Kansas Rental Agreement

Last Updated: November 2, 2023 by Roberto Valenzuela

A Kansas rental agreement is a legal contract between a landlord overseeing a rental property and a tenant who wishes to use it. Kansas landlord-tenant law governs these agreements; rental terms must be within the limits allowed by law.

Kansas Rental Agreement Types

15 pages
Residential Lease Agreement

A Kansas residential lease agreement (“rental agreement”) is a legal contract for a tenant to rent a residential property from a landlord, subject to terms and conditions agreed by all parties.

14 pages
Month-to-Month Rental Agreement

A Kansas month-to-month lease agreement is a contract (not necessarily written) where a tenant rents property from a landlord. The full rental term is one month, renewable on a month-to-month basis.

3 pages
Rental Application Form

Kansas landlords may use a rental application form to screen prospective tenants. A rental application collects information relating to finances, rental history, and past evictions.

7 pages
Residential Sublease Agreement

A Kansas sublease agreement is a legal contract where a tenant ("sublessor") rents (“subleases”) property to a new tenant (“sublessee”), usually with the landlord’s permission.

9 pages
Roommate Agreement

A Kansas roommate agreement is a legal contract between two or more people (“co-tenants”) who share a rental property according to rules they set, including for things like splitting the rent. This agreement binds the co-tenants living together, and doesn’t include the landlord.

8 pages
Commercial Lease Agreement

A Kansas commercial lease agreement is a legal contract arranging the rental of commercial space between a landlord and a business.

Common Rental Agreements in Kansas

  • Kansas Association of Realtors Agricultural Farm Building Lease Agreement – this template is for use by members of the Kansas Association of Realtors only. It is used for leasing agricultural farm buildings or livestock facilities. It therefore contains specific provisions for this context, such as cash rent payments and ensuring clean water supply for livestock.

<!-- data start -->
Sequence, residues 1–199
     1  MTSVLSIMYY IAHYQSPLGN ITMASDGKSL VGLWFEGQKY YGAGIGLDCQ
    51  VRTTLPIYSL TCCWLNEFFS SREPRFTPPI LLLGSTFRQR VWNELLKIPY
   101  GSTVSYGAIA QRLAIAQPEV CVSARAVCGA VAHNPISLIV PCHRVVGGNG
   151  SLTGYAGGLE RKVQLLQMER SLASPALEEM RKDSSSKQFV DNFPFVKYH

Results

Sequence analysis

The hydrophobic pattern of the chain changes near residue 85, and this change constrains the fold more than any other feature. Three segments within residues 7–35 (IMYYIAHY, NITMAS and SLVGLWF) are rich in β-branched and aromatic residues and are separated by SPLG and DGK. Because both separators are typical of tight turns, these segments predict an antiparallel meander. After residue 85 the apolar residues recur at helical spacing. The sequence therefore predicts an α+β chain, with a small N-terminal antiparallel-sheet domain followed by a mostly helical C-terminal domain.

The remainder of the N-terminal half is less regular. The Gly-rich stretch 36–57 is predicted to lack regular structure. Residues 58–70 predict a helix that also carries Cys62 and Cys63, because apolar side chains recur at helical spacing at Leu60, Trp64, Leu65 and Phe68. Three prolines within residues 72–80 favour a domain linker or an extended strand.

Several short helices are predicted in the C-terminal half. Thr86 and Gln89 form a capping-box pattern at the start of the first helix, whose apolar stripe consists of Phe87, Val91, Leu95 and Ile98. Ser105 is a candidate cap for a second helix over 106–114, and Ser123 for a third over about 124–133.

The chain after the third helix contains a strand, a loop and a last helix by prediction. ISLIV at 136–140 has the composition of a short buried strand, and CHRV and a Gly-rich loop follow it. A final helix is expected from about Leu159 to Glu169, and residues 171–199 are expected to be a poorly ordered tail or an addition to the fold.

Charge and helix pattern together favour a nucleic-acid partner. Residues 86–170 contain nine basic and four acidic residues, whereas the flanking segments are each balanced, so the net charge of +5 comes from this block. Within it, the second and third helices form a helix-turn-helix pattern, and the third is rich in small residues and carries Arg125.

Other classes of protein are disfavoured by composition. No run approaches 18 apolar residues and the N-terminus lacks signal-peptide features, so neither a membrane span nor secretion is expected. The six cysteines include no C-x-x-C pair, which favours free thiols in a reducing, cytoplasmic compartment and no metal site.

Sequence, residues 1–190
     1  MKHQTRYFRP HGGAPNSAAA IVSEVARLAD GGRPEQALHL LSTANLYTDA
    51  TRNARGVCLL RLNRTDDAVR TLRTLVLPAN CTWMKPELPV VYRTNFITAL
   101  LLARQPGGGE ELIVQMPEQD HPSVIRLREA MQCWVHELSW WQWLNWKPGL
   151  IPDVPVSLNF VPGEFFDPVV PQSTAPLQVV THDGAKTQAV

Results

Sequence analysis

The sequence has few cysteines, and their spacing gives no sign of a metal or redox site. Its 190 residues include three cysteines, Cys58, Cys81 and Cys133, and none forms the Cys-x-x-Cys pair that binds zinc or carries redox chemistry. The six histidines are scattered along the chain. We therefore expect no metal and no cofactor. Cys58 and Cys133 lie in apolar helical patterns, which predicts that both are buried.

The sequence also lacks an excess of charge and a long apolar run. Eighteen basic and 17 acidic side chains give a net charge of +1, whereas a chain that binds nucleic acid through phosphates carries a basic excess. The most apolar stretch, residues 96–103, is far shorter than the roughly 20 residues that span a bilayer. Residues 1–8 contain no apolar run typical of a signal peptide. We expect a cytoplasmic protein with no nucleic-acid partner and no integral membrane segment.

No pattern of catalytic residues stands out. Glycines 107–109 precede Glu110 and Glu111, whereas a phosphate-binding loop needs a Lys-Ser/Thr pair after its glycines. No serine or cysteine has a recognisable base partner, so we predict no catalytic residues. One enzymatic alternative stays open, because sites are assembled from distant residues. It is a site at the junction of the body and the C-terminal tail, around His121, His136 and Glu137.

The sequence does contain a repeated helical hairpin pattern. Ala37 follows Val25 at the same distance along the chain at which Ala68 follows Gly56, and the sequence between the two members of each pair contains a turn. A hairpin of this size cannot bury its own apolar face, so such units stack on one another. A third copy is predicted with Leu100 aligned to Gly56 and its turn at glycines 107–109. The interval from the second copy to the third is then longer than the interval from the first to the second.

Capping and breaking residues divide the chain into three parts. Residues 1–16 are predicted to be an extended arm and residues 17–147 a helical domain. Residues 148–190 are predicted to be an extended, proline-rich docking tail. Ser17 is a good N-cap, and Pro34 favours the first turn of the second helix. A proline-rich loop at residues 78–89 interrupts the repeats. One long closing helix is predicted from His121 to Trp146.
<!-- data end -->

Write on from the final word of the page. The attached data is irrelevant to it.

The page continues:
Kansas Required Residential Lease Disclosures

  • Landlord’s Name and Address (required for all leases) – Kansas leases must contain the name and address of the landlord or authorized agent. This enables smooth communication of any important legal notice.
  • Move-In Checklist (required for all leases) – Kansas landlords must provide a move-in checklist to new tenants within 5 days of move-in, so both parties can agree about damages existing on the rental property. This allows accurate deductions from the security deposit later.
  • Lead-Based Paint Disclosure (required for some leases) – For any property built before 1978, federal law requires that a Kansas residential lease must contain a lead-based paint disclosure with an EPA informational pamphlet, plus notice of any lead hazards on the property.

To learn more about required disclosures in Kansas, click here.

Kansas Landlord Tenant Laws

  • Warranty of Habitability – Kansas landlords can only rent out habitable property, which means providing certain features essential to basic health and safety. This includes things like heat, plumbing, electricity, and sound structural elements. Landlords must repair any issues within 14 days after proper notice from the tenant. Failure to repair lets a tenant sue the landlord or terminate the lease. Tenants in Kansas aren’t allowed to repair and deduct, or withhold rent.
  • Evictions – Kansas landlords may evict for rent default, lease violations, or illegal acts, among other things. Before filing eviction, landlords must serve tenants with prior notice to pay, comply, or quit, depending on the eviction type. This means most evictions in Kansas take between a few days to a little over a month.
  • Security Deposits – Kansas caps security deposits at a maximum of one month’s rent for unfurnished properties and 1 1/2 months’ rent for furnished properties. A landlord get 30 days after lease termination to return any unused portion to the tenant, or 14 days after making deductions from the deposit (whichever is earlier).
  • Lease Termination – Kansas lets tenants terminate a month-to-month with 30 days of advance notice. A fixed-term lease can’t be terminated early without active military duty, landlord harassment, uninhabitable property, or domestic abuse.
  • Rent Increases and Fees – Kansas landlords can raise rent by any amount, whenever they want, with no particular requirements for justification or advance notice. There is likewise no cap on fees, except for returned check fees, which are limited to $30 per check.
  • Landlord Entry – Kansas landlords may enter rental property for purposes reasonably related to the tenancy, like maintenance and inspections. The state does not specify entry requirements, which means that a landlord can enter at reasonable times of day using reasonable advance notice (customarily at least 24 hours), except in emergency situations.
  • Settling Legal Disputes – Kansas allows small claims courts to hear landlord-tenant disputes, as long as the amount in controversy is under $4,000. The state does not allow evictions in small claims. The statute of limitations in Kansas is five years for written contracts, three years for oral contracts.

To learn more about landlord tenant laws in Kansas, click here.